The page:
Relief as it is announced ‘wind turbine will NOT come to Leyland’

The United Utilities Wastewater Treatment Works, Emnie Lane, Leyland
The United Utilities Wastewater Treatment Works, Emnie Lane, Leyland

Leyland residents have spoken of their relief after discovering a wind turbine will NOT be erected near their homes.

Unities Utilities (UU) had expressed an interested in installing a 79m high wind turbine at its Wastewater Treatment Works site off Emnie Lane, near Leyland Lane.

South Ribble Council passed plans last year for a 50m ‘test’ meteorological mast to be installed for a two-year period, for UU to determine if wind power is a sustainable source of renewable energy in the area.

But after being up for just three months, the test turbine has now been taken down, and the company has confirmed it will not be pressing ahead with the longer term plans for a more permanent, larger structure.

A spokesman cited ‘potential aviation issues’ as the reason.

Gregor Hogarth said: “United Utilities is looking at a number of our sites across the region to see if they would be suitable locations for wind turbines.

“Our Wastewater Treatment Works in Leyland was identified as one such site.

“Unfortunately, due to potential aviation issues, we will not be progressing our plans to locate a wind turbine on the site at this time.”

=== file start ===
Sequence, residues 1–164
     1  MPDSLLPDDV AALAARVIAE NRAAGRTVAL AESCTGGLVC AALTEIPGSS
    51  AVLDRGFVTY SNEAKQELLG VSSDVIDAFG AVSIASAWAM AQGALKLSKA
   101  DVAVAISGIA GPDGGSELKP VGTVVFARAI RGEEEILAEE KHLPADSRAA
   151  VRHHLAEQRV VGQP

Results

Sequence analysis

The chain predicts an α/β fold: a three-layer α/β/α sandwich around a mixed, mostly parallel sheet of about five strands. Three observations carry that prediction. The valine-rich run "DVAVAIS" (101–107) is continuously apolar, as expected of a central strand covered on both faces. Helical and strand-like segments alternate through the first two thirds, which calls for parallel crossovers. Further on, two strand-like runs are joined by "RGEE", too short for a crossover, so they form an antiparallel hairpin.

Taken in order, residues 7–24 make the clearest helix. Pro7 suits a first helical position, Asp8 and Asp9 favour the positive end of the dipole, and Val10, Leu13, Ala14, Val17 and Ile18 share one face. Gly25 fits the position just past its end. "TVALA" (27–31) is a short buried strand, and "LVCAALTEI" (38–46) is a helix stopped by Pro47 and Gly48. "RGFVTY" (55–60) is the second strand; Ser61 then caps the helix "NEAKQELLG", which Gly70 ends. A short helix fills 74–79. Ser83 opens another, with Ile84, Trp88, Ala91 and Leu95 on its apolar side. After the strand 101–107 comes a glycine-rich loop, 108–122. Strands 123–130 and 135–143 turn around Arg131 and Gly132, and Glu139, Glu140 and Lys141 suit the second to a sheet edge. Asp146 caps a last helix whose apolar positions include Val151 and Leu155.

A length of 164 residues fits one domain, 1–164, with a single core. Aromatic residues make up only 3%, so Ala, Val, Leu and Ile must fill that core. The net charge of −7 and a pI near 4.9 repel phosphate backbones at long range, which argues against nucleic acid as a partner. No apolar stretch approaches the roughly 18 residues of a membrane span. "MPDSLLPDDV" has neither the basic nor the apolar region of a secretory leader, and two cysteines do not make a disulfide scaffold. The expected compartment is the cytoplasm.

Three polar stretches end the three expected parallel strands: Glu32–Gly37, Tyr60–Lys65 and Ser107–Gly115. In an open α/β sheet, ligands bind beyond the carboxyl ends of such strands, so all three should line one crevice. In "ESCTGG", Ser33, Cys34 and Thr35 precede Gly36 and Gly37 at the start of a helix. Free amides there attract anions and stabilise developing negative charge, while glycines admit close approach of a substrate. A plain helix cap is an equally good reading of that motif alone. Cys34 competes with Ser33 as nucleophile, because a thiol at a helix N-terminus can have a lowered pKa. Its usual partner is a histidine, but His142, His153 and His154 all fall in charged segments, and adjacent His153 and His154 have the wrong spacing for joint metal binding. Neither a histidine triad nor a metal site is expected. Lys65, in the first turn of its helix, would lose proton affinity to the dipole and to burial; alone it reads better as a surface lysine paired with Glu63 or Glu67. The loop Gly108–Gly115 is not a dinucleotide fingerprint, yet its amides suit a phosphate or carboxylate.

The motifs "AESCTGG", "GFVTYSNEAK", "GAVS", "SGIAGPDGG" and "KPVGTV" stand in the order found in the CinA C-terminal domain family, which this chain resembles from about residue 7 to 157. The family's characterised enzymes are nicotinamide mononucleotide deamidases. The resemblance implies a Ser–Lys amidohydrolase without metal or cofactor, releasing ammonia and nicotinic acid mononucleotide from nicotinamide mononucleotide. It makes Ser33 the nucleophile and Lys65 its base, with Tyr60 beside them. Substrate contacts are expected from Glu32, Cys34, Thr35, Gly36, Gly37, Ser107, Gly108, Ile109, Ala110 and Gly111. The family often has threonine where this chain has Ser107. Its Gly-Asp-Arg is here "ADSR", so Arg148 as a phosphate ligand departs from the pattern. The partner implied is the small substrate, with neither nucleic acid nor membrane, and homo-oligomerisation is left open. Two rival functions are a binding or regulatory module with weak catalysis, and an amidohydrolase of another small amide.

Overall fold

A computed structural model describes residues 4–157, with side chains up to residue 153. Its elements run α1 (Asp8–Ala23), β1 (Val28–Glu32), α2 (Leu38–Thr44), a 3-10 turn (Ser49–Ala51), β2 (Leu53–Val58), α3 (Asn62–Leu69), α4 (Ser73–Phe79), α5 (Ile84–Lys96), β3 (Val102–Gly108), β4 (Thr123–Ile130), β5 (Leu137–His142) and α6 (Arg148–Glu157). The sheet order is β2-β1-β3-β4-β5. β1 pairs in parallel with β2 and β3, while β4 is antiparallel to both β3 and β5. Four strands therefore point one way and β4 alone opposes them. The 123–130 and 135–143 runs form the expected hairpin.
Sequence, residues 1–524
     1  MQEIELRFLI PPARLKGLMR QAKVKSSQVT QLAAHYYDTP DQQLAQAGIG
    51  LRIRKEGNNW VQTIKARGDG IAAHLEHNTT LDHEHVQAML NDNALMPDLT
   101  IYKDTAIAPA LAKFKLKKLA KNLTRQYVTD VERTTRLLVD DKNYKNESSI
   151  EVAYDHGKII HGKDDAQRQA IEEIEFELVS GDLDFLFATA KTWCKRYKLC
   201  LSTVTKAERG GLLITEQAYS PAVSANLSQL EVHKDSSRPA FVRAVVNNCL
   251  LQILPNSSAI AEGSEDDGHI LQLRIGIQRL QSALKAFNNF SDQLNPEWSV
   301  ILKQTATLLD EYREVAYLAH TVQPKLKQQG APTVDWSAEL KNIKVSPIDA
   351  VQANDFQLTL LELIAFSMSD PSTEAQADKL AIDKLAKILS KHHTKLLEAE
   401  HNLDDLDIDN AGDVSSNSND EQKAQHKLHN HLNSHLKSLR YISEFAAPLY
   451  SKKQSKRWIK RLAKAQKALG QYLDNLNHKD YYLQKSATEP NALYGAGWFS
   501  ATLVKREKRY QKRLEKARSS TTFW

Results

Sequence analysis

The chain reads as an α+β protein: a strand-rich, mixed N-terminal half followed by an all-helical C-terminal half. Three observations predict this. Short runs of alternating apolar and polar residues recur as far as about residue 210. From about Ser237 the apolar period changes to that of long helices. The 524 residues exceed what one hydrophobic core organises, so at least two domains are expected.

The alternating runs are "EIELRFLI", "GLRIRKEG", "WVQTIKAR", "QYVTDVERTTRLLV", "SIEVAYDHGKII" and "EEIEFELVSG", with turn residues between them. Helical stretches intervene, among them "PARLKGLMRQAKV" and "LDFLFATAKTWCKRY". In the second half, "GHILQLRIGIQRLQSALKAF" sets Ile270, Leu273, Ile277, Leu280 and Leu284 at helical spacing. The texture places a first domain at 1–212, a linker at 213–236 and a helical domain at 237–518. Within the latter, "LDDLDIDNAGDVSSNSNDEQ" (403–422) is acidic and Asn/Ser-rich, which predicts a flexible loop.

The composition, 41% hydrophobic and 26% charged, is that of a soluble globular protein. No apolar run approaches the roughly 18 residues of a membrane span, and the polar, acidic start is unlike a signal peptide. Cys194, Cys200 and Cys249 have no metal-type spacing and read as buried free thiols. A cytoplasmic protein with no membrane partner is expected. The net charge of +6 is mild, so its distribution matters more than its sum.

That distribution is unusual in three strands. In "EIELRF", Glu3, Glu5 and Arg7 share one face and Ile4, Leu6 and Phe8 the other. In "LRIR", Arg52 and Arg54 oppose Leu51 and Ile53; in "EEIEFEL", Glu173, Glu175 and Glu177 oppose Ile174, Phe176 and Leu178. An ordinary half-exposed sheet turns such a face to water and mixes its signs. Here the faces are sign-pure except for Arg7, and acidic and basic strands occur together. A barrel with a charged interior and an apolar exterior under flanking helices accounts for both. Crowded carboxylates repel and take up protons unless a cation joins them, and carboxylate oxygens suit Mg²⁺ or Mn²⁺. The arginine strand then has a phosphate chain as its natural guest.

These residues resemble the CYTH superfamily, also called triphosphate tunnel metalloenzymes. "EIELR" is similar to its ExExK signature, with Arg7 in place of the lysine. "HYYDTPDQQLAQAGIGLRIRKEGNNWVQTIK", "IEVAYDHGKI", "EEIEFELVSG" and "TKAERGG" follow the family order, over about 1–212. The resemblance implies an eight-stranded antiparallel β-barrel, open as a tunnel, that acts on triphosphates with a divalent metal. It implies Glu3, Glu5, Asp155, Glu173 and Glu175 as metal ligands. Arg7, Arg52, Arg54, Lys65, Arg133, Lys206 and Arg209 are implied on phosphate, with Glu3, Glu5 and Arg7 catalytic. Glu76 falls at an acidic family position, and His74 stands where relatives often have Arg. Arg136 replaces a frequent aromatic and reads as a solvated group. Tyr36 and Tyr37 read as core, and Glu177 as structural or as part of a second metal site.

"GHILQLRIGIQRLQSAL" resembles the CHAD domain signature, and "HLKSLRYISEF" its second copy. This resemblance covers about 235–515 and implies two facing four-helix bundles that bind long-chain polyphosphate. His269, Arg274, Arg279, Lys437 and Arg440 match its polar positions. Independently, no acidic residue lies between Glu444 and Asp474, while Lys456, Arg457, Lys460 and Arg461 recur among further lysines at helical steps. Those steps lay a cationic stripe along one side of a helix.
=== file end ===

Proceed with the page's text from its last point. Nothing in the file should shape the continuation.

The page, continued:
Neighbours in the area, who fought against the plans over concerns of noise and light disruption, are pleased at the result.

Angela Edney, from Leyland Lane, said: “Thank heavens for that.

“When the mast disappeared everyone was pleased but we did wonder what was going on.

“Wind turbines affect radar on aeroplanes, and there are a lot of test flights from BAE at Samlesbury over here.

“A lot of people were against it, I’m so pleased they’re not going ahead with it.

“We’re against wind turbines full stop, but when we started looking into it properly when these plans went in, it was frightening.”

Her husband Robert added: “I’m very relieved. I definitely think this is the right decision.

“The test turbine just looked like a radio mast and it was less of an eyesore than I though it would be, but the 79m one would have been a completely different story.”


The spokesman for United Utilities explained that further feasibility studies were carried out whilst the mast was up, and one of these was a ‘radar line of sight’ study, which identified that both Blackpool Airport and BAE Warton would be likely to ‘see’ the turbine on their respective radar systems, and would ‘therefore potentially object to the development’.

He said it was felt in this case the chances of a successful planning application for this size of turbine would be ‘unlikely’, so the test mast was taken down to be re-used on another site.